A PET (Positron Emission Tomography) scan shows “metabolic activity” while a CT (Computerized Tomography) only shows shapes and sizes and measurements.  In reading about the advantages of a combined PET/CT, it seems that the CT scan will show the shape and size (measurements) of a suspected tumor in millimeters or centimeters, but the PET will indicate if there is “live” activity there.  Sometimes cell activity is so small that it doesn’t show up on a scan PERIOD.  However, during surgery it’s not unusual to find more cancer present than was first detected on the scan. As for me, I would certainly want a combination PET/CT scan as opposed to just a CT scan, knowing what I know NOW!  But I know you’re not the doctor.  That is why it is usually at least 3 weeks after the neoadjuvant chemoradiation before surgery is performed.  Here in the states, it is customary to not break up the chemo cycle into 3 weeks before surgery and 3 weeks after the surgery.  Some doctors may order additional chemo after surgery just to be sure of a “clean sweep.”  But most often, if NO tumors are found in any of the lymph nodes removed during surgery, no post-op chemo is recommended.  Just recovering from the surgery is a big enough job to tackle in itself.  And those who have to undergo adjuvant chemo because of residual cancer discovered in lymph nodes that were removed for biopsy during surgery are really in for a tough time!  Paul can attest to that.  No additional chemo was recommended for my husband because no residual cancer was found in the 22 lymph nodes removed during surgery.

On that note, when I was first diagnosed with Peritoneal Carcinomatosis via CT scan, nothing showed up in my ovaries.  When I went to the University of Pittsburgh Medical Center for a SECOND opinion, exploratory surgery and a PET scan revealed cancer in both ovaries as well!  But remember, I’m speaking as a cancer patient myself, and also in the case of my husband, William, who was diagnosed with Adenocarcinoma @ the Gastroesophageal junction, Stage III, (T3N1M0) in 2002.  We are “elated” to still have him in remission still in 2017!  And one more advantage to having a few weeks in between the last chemo and the surgery would be that your dad would have a little bit more time to recuperate and be stronger to undergo the surgery.  But then again, I’m not the doctor.  My husband was in great shape when the time for surgery came.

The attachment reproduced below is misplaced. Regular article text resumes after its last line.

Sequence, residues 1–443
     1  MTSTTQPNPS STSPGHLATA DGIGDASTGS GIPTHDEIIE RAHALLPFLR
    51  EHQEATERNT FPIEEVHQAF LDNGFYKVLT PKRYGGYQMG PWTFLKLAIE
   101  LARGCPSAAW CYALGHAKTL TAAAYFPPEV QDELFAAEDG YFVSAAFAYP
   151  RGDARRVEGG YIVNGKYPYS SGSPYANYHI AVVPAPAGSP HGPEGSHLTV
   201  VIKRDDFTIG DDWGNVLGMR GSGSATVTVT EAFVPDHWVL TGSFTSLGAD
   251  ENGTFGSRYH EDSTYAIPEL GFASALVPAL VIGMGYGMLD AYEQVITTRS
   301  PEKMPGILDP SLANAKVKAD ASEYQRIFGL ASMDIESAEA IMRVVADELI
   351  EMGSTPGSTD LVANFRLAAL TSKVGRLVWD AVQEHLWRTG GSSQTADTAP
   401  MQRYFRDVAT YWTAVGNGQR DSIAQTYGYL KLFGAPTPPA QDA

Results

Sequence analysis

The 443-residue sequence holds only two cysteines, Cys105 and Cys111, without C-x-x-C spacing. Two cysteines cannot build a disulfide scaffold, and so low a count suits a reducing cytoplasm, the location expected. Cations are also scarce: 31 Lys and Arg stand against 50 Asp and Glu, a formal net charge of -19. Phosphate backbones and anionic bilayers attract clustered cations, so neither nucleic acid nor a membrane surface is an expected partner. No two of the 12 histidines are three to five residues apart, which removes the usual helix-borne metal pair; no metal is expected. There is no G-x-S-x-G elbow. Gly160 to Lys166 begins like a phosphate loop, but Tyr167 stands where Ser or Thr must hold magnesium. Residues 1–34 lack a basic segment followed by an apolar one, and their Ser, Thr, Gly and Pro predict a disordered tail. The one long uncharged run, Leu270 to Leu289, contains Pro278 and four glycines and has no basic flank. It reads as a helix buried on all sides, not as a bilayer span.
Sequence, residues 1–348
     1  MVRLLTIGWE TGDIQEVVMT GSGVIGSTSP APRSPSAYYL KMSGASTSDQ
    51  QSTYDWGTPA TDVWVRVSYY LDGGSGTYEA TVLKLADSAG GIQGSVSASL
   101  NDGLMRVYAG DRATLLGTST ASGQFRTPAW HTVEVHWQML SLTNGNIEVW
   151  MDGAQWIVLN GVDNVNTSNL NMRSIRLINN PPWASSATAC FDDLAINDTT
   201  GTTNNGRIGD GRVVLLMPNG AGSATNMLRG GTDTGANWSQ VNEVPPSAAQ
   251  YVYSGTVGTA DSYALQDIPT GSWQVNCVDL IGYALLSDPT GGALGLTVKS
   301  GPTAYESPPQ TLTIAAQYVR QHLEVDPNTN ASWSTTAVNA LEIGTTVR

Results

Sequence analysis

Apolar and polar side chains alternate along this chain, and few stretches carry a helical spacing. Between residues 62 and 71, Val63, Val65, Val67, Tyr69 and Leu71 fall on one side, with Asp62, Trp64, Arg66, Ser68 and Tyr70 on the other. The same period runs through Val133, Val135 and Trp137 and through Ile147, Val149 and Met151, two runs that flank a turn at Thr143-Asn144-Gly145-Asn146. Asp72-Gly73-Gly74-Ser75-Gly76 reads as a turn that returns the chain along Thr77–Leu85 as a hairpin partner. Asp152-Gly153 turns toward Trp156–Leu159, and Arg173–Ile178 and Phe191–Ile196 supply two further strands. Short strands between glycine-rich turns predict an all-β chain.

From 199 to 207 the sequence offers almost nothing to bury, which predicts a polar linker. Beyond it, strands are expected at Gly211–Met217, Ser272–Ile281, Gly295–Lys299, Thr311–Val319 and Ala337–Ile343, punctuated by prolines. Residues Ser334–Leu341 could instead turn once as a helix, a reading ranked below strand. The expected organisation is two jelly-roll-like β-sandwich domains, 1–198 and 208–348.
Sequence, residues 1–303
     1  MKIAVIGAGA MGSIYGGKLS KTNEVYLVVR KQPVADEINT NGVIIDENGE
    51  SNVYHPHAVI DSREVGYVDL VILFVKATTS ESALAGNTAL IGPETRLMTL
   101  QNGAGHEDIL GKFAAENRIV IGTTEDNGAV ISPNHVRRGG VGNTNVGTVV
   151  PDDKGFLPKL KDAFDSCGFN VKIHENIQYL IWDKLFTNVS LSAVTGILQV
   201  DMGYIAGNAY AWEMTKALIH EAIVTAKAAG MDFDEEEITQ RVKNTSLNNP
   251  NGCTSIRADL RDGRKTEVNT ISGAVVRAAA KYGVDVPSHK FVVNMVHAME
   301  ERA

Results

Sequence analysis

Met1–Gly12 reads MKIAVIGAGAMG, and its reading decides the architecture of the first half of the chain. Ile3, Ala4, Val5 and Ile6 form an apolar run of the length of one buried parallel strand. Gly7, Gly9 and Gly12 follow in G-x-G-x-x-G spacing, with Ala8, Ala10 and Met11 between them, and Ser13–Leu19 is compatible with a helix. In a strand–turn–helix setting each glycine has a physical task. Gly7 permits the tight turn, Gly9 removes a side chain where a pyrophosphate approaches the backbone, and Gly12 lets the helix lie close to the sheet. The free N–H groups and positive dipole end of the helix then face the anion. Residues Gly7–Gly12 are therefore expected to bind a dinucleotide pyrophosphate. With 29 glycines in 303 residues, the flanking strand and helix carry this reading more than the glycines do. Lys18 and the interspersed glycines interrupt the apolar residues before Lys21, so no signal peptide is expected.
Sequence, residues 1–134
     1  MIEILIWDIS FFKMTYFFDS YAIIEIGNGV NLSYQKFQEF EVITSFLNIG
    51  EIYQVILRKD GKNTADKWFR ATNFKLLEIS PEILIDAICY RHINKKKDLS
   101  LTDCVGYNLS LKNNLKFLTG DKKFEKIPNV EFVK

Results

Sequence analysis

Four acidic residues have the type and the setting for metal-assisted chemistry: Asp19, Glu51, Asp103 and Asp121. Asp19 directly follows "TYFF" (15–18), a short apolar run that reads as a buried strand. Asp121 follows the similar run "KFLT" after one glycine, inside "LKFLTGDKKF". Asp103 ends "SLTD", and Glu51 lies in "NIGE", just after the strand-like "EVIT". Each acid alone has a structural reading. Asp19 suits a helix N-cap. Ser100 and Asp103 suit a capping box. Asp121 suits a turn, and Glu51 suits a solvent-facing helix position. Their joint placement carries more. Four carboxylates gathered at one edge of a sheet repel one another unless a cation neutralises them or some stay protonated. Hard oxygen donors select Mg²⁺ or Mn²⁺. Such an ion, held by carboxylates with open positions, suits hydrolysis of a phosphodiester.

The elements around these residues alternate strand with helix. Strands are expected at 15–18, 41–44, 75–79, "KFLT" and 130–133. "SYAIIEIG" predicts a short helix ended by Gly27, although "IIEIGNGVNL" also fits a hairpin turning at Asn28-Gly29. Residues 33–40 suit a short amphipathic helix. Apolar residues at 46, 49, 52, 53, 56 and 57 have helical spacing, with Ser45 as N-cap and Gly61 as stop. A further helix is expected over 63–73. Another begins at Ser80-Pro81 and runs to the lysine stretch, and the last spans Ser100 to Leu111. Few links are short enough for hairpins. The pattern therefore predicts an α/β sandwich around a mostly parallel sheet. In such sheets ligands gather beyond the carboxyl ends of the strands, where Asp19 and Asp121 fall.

Now, of course, pathological examination will be made of the lymph nodes that are removed during surgery.  Should there be any residual cancer detected during the surgery, adjuvant (post-op) chemo should be recommended.  And we sure hope that this will not be the case.  But it happens, so just so you know, that this is the usual protocol post-surgery.  Usually a minimum of 22 lymph nodes are removed for examination.  

So on that note, I will give you my husband’s treatment schedule together with other links that usually put a 3-to-8 week time interval after neoadjuvant chemoradiation treatments prior to the actual Esophagectomy.

William’s last treatment was on March 17, 2003.  The follow-up PET scan was conducted 6 weeks later.  This allowed for optimum time for chemo to have maximum effect.  Then his Minimally Invasive Esophagectomy (MIE) was performed 19 days later on a Saturday, May 17, 2003, by our beloved thoracic surgeon, Dr. James D. Luketich at UPMC.  We thank God for giving us talented physicians who actually can understand the human anatomy!  My husband’s surgery took place in the 9-week time frame.  He underwent neoadjuvant chemo/radiation treatment here.  He was due to have the OPEN Ivor Lewis surgery (Transthoracic) here in Norfolk, but while awaiting the actual surgery, we learned about the MIE.  We immediately called UPMC.  They worked us in because my husband already had a surgical date set.  We didn’t need a referral.  UPMC said, “Bring all your records and if you’re a good candidate for our type of surgery, then we will perform it.”   So that caused a short delay of the surgical date.  Otherwise, my husband would have been operated on during the 3-to-8 week interval after the last neoadjuvant treatment regimen.